As we blogged about transiency in China yesterday, Nepal’s newly-elected assembly voted to end almost 240 years of monarchic rule. The new republic has given King Gyanendra and his entourage 15 days to leave the royal palace, which will be turned into a national museum. (Art and Politics merge yet again.)
The transition has been brewing for some time. Widespread protests two years ago stripped King Gyanendra of his powers (himself having just been named king in 2001 when his brother’s entire family was massacred by the crown prince), setting the stage for major political change. In April, the country’s former rebels, the Maoists, won the most seats in the assembly. Prime Minister Girija Prasad Koirala has been acting as head-of-state until a new President is appointed.
Regime change always has an impact on visual materials, so we thought we’d look into Nepalese currency, the rupee. It seems spectres of the past are not that easy to erase. In IHT last month:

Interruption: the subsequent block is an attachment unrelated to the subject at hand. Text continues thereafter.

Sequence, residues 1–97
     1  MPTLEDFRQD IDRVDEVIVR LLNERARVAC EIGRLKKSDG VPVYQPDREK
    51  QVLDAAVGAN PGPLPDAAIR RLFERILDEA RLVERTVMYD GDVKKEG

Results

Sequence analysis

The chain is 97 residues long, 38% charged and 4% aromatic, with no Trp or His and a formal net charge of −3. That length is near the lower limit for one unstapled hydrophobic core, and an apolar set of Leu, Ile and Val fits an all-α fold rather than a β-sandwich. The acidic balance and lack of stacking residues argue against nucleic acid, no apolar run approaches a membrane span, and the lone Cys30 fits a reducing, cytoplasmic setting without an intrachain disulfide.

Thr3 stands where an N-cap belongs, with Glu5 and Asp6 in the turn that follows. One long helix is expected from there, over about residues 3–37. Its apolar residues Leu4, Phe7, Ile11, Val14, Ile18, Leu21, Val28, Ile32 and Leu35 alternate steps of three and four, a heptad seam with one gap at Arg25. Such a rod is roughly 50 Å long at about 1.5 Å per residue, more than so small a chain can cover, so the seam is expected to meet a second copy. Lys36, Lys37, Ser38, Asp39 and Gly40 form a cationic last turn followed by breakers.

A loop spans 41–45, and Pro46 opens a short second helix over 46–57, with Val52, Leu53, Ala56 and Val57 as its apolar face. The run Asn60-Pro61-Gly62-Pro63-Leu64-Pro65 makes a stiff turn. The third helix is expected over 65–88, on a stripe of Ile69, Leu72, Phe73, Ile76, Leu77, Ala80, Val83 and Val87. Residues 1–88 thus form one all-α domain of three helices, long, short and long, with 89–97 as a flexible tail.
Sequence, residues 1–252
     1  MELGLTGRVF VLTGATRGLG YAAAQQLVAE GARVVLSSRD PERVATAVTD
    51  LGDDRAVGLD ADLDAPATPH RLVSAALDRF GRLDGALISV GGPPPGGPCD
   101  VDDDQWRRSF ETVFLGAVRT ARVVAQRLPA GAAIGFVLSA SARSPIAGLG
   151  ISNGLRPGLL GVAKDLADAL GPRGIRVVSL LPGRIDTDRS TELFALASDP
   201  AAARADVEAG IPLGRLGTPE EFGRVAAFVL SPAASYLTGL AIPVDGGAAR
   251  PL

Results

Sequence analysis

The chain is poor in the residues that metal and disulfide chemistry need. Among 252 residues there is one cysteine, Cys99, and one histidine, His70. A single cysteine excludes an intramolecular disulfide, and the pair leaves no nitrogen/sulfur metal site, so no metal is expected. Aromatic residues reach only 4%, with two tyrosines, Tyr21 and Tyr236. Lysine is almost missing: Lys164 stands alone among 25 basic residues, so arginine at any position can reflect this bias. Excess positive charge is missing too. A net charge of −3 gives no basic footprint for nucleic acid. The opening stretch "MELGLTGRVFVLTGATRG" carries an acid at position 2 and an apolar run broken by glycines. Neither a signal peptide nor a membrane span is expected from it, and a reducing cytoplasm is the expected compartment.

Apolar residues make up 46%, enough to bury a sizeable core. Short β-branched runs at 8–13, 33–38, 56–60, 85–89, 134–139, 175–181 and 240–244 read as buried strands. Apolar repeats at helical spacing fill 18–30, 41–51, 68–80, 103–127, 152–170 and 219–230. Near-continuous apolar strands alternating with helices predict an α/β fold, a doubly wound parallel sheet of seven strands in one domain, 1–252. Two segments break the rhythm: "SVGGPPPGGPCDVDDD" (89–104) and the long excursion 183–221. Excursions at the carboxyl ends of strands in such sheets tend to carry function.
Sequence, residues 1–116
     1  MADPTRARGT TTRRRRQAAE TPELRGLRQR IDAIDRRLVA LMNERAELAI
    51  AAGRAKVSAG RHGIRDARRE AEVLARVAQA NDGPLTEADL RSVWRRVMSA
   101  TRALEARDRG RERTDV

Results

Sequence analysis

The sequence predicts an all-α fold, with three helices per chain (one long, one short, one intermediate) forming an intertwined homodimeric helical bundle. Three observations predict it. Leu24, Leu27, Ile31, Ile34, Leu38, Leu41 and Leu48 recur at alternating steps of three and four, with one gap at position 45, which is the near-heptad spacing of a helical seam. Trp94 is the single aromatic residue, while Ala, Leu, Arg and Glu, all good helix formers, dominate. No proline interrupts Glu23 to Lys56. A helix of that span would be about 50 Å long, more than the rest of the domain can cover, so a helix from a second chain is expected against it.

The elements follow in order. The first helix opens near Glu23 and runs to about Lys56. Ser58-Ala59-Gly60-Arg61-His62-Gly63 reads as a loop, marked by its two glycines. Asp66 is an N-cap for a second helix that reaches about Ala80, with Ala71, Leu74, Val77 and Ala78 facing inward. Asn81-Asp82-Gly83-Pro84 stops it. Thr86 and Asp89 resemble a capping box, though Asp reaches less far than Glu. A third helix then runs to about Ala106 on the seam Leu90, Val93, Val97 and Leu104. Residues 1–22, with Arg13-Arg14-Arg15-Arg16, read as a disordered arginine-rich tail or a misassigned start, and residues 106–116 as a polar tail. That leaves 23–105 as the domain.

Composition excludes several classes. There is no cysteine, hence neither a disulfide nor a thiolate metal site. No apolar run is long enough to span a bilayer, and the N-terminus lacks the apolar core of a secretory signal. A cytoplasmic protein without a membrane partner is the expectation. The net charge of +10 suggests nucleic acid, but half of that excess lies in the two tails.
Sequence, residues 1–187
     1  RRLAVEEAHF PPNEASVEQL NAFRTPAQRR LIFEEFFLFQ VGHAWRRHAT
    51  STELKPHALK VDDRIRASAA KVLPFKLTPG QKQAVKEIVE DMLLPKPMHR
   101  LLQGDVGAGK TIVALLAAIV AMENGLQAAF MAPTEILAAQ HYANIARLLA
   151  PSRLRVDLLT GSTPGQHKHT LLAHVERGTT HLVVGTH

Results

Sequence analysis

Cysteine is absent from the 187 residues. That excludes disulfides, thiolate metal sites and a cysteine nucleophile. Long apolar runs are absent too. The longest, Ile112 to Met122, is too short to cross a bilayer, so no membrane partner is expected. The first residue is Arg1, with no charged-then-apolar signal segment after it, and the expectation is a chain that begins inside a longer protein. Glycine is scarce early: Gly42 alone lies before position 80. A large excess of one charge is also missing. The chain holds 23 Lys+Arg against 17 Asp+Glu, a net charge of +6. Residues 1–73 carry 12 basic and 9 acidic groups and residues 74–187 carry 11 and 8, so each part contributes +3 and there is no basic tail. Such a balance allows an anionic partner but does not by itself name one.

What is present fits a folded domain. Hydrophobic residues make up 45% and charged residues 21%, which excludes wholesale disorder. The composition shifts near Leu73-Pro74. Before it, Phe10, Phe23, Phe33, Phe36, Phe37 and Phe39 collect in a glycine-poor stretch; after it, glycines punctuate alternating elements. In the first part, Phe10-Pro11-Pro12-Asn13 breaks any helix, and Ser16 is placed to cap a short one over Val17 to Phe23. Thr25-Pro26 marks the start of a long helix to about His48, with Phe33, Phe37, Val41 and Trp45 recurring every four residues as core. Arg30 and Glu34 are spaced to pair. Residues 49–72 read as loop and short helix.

Shortly after the king gave up power in 2006, the government ordered the printing of new money, starting with the 500 rupee note, free of the king’s portrait. In the new design, developed by the central bank, the image of King Gyanendra was replaced by that of the noncontroversial Mount Everest. But the paper on which the new bills were printed, having been ordered long ago, still bore a watermark of the king’s face.
Unable to afford new currency paper, bank officials took creative license. They slapped a dark-pink rhododendron on top of the watermark. The king and his bird-of-paradise plumed crown can be seen only if the bill is held up to the light.
In Sri Lanka’s Sunday Times last October: a woman holds up an old 500-rupee note (top) and a new one (bottom) with Mount Everest and the concealing rhododendron, Nepal’s national flower.
The notes were ordered from an Indonesian manufacturer before April 2006, when the king was stripped of his authority.